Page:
Wake up, and strengthen what remains and is about to die, for I have not found your works complete in the sight of my God. Remember, then, what you received and heard. Keep it, and repent. If you will not wake up, I will come like a thief, and you will not know at what hour I will come against you.
Behold, I will make those of the synagogue of Satan who say that they are Jews and are not, but lie—behold, I will make them come and bow down before your feet and they will learn that I have loved you. Because you have kept my word about patient endurance, I will keep you from the hour of trial that is coming on the whole world, to try those who dwell on the earth. I am coming soon. Hold fast what you have, so that no one may seize your crown.
So, because you are lukewarm, and neither hot nor cold, I will spit you out of my mouth. For you say, I am rich, I have prospered, and I need nothing, not realizing that you are wretched, pitiable, poor, blind, and naked. I counsel you to buy from me gold refined by fire, so that you may be rich, and white garments so that you may clothe yourself and the shame of your nakedness may not be seen, and salve to anoint your eyes, so that you may see. Those whom I love, I reprove and discipline, so be zealous and repent.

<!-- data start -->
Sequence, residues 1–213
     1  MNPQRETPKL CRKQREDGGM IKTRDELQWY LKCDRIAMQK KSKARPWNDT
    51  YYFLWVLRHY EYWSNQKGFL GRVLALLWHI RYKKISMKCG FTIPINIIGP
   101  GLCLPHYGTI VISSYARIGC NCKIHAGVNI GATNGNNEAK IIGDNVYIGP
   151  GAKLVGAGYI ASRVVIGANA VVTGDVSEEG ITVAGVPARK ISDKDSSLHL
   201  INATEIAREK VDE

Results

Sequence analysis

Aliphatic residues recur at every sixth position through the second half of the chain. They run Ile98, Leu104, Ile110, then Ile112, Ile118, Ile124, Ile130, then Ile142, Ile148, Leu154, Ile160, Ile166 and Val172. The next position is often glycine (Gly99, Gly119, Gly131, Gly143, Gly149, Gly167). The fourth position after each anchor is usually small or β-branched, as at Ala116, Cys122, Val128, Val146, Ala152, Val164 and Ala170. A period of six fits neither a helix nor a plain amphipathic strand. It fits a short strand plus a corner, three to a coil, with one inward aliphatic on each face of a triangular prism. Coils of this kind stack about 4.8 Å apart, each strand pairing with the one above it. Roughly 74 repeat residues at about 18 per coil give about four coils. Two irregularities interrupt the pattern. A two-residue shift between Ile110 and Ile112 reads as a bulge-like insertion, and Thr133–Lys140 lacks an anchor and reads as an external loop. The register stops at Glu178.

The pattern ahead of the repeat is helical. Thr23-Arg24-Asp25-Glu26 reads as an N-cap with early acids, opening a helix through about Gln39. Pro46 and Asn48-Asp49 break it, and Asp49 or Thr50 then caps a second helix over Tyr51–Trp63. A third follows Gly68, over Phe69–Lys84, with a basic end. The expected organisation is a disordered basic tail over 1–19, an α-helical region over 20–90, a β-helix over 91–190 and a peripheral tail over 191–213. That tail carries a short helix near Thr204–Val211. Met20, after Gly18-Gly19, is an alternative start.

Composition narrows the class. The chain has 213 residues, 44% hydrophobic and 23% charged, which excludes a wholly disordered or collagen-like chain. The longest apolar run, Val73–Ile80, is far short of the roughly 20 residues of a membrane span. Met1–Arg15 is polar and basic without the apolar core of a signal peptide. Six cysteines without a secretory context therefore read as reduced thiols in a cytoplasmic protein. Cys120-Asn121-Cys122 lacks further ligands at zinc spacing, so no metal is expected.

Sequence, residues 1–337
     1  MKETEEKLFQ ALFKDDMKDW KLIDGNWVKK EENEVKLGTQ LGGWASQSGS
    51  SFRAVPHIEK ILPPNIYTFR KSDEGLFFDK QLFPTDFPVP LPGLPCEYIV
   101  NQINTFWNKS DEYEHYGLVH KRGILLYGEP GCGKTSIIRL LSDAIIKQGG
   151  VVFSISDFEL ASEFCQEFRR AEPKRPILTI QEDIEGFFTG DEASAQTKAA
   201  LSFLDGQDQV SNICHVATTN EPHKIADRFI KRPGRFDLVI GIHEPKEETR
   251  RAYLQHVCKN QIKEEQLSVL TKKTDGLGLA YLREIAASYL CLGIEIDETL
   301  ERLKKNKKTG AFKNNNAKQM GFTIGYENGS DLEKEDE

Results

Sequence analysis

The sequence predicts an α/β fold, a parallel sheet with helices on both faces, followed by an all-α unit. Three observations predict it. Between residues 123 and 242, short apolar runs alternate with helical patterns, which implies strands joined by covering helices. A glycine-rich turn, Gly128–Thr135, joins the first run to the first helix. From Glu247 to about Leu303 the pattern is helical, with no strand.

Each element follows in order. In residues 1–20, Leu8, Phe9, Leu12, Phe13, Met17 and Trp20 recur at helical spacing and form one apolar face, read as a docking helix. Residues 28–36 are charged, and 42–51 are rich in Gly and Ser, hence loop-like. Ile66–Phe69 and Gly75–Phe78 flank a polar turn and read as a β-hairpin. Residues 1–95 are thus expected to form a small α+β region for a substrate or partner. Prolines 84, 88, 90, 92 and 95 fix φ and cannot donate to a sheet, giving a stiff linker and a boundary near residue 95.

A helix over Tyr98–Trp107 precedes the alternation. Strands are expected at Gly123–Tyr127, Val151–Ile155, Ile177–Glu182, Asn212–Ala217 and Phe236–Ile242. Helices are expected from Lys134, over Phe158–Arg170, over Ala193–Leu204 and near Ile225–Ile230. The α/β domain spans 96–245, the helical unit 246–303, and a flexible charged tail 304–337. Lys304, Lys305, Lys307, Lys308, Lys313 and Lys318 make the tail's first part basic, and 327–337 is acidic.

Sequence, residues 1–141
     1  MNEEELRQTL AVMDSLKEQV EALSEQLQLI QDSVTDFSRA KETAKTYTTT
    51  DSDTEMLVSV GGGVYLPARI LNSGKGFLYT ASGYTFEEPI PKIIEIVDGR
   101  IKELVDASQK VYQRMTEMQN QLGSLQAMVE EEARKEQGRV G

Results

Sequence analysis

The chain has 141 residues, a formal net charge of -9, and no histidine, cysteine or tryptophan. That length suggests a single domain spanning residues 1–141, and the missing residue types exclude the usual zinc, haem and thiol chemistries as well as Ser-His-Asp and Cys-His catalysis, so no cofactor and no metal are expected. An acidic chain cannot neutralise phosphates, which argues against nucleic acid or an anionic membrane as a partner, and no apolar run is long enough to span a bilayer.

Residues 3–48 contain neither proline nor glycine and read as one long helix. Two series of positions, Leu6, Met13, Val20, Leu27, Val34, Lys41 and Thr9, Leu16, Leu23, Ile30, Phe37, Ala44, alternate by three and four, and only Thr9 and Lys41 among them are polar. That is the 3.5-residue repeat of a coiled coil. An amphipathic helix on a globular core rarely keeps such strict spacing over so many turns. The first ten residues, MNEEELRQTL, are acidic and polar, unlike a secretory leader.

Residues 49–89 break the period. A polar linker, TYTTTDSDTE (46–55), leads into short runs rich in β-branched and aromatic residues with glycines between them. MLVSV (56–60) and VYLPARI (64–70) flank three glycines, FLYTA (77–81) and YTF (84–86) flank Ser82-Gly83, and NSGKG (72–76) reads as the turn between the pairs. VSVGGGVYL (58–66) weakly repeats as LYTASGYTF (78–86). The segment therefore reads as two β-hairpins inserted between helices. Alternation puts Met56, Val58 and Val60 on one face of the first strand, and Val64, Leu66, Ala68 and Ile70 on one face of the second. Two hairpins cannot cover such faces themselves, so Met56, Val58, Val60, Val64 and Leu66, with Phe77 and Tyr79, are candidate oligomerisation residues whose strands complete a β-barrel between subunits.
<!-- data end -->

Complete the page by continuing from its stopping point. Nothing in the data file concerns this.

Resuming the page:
3) The Message to us is to Overcome All Tribulation through repentance, obedience and faith:
To the one who conquers I will grant to eat of the tree of life, which is in the paradise of God.’
The one who conquers will not be hurt by the second death.’
To the one who conquers I will give some of the hidden manna, and I will give him a white stone, with a new name written on the stone that no one knows except the one who receives it.’
The one who conquers and who keeps my works until the end, to him I will give authority over the nations, and he will rule them with a rod of iron, as when earthen pots are broken in pieces, even as I myself have received authority from my Father. And I will give him the morning star.
The one who conquers will be clothed thus in white garments, and I will never blot his name out of the book of life. I will confess his name before my Father and before his angels.
The one who conquers, I will make him a pillar in the temple of my God. Never shall he go out of it, and I will write on him the name of my God, and the name of the city of my God, the new Jerusalem, which comes down from my God out of heaven, and my own new name.
The one who conquers, I will grant him to sit with me on my throne, as I also conquered and sat down with my Father on his throne.